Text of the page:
A group of parents of elementary school students in a gifted program has petitioned the High Court of Justice against an Education Ministry decision requiring such students to pass an additional exam in the sixth grade in order to remain in a gifted track in secondary education. The new exam is expected to be given within a few weeks.
Before the change was introduced, children who passed the screening test administered in second grade were automatically allowed to continue in gifted programs into junior high and high school. The change is the result of a shortage of slots for gifted students and a desire to broaden participation in gifted programs to as many students as possible.
The parents who filed the petition claim that the new requirement will harm their children in the event they fail and are forced to switch to a regular classroom. But many parents of gifted students chose not to join the legal action. “My son’s spot in the gifted class isn’t registered in the land registry,” one father quipped. “There is also importance to considerations of equality and fairness.”
Some students in the gifted track can choose between placement for the entire school week in a separate gifted class, which generally operates out of a regular school building, or attending regular classes while being excused one day a week to do enrichment study elsewhere. The decision is influenced by a number of factors.
There are only seven elementary schools in Israel – in six communities – with separate classes for gifted students. All are in central Israel. The educational and social preferences of the students and their parents also influence the decision. About 4,500 of the country’s 21,000 gifted students are in entirely separate classes.
The petition challenging the sixth grade exam was filed about two weeks ago by 10 parents. Their lawyer, Yonatan Berman, claimed that the Education Ministry did not assess the “educational, social and emotional implications of requiring a student who was in a gifted class in elementary school to be retested.” He said the 10 petitioners represent a larger group of about 200 parents and children.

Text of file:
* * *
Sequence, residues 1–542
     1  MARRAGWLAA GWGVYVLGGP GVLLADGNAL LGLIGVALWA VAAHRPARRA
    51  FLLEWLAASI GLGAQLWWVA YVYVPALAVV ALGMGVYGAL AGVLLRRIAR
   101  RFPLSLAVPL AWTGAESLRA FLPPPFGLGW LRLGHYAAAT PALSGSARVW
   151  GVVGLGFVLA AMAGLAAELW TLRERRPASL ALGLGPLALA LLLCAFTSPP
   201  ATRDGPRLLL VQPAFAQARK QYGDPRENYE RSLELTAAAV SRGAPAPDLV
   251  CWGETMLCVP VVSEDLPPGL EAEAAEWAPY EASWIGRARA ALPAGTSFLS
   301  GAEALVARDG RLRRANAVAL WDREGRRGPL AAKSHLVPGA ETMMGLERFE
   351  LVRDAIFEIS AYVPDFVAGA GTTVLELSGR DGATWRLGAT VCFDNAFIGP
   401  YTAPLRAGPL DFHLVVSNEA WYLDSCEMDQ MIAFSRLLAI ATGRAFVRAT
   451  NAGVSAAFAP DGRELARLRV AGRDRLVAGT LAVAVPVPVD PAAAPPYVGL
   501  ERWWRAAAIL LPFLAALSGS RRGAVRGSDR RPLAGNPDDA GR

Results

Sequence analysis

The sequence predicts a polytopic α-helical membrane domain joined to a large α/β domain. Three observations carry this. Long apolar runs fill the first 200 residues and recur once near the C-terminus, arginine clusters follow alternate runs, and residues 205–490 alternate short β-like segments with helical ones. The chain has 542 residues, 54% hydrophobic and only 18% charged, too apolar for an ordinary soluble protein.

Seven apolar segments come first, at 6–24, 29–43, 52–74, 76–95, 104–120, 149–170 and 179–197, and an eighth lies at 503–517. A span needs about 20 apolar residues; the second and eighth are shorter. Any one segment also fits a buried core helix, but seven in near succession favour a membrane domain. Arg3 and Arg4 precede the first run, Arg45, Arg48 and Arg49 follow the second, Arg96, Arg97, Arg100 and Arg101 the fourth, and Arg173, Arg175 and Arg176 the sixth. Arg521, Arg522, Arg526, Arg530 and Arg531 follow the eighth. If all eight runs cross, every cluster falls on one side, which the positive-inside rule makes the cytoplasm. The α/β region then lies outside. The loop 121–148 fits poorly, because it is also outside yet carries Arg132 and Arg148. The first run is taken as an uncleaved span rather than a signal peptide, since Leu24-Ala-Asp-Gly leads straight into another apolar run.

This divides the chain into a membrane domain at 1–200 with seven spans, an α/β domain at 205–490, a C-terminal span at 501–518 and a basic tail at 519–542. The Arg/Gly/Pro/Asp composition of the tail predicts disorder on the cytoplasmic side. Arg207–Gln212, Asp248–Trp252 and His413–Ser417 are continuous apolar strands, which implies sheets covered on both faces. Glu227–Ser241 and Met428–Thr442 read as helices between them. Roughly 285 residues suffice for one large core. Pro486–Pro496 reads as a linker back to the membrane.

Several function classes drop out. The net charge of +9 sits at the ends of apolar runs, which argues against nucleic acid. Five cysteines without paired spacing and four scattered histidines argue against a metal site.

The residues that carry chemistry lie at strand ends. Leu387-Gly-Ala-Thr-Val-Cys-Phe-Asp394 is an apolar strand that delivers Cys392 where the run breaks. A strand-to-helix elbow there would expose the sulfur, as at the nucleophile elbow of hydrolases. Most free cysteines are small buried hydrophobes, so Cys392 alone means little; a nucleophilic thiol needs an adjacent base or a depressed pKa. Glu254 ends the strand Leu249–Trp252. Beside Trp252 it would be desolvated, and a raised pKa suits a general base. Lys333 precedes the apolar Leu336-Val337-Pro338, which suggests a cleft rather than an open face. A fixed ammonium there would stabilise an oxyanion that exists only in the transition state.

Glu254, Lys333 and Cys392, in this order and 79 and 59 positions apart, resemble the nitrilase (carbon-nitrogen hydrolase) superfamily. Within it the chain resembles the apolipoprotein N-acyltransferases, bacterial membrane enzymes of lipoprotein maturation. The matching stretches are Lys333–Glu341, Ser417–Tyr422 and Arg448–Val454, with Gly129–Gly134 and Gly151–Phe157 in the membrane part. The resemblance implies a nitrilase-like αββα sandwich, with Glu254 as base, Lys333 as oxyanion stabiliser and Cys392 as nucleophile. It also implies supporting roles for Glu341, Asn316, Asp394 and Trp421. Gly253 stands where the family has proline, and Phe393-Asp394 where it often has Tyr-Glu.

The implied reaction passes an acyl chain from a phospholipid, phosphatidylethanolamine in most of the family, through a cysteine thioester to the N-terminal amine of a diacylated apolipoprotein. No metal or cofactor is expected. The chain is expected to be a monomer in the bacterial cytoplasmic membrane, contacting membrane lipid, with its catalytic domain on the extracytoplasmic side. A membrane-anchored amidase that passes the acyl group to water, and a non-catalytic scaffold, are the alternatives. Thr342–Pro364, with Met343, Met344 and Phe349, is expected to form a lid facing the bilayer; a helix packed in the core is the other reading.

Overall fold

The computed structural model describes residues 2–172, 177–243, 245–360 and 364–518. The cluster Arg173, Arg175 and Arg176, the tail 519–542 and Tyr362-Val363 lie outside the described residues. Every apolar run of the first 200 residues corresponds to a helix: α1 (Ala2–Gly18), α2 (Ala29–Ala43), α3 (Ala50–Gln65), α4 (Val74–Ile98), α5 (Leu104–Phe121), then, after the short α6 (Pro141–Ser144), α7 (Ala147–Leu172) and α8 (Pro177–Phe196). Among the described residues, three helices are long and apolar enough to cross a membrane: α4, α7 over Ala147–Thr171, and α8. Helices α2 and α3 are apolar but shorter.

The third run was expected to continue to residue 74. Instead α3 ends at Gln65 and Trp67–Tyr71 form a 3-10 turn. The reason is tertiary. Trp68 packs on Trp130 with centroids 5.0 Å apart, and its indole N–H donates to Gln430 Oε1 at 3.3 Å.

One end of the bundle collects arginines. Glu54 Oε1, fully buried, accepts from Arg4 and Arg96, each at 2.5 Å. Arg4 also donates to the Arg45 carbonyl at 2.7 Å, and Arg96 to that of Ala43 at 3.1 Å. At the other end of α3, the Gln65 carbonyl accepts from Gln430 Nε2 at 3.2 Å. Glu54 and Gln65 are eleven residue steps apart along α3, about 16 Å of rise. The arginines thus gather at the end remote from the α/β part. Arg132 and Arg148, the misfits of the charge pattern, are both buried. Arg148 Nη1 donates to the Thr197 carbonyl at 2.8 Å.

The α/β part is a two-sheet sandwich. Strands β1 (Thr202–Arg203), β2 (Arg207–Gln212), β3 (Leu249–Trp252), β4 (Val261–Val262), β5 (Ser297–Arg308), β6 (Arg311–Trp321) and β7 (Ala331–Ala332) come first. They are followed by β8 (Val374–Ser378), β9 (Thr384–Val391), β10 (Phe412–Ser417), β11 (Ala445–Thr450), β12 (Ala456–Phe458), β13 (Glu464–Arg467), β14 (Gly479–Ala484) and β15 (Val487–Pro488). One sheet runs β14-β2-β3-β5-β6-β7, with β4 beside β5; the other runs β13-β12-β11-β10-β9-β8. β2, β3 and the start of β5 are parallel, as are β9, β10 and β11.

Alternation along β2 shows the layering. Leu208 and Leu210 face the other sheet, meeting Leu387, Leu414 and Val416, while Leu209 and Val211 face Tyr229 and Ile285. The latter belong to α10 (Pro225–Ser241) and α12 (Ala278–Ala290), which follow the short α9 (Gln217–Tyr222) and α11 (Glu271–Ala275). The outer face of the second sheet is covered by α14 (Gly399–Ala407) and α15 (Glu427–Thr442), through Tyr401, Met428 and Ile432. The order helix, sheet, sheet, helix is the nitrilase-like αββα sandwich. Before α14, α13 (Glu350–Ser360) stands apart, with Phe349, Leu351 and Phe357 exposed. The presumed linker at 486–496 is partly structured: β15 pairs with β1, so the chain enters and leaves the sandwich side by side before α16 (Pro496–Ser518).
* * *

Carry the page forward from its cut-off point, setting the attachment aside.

The Education Ministry rejected the arguments and noted that the change in policy was made public two years ago.
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The petition made a distinction between gifted elementary school children who spend most of their week in a regular classroom and those represented by Berman, who are in separate gifted classes for the entire week, who the petition claimed could suffer social and emotional harm. According to a professional opinion of a psychologist cited by Berman, the transfer to a regular classroom for these children would “harm the sense of self-worth of gifted children.” A second opinion by a psychiatrist cited by Berman warned of the prospect of emotional difficulties “to the point of fear, depression and the risk of suicide.”
In a letter to Berman, the ministry said that in light of the limited number of slots in gifted classes operating in elementary schools, it is important to test students in the sixth grade. Screening the students then would open up slots for gifted secondary school students from communities that do not have gifted programs in their elementary schools, and to those who have been identified as gifted after second grade, the ministry said.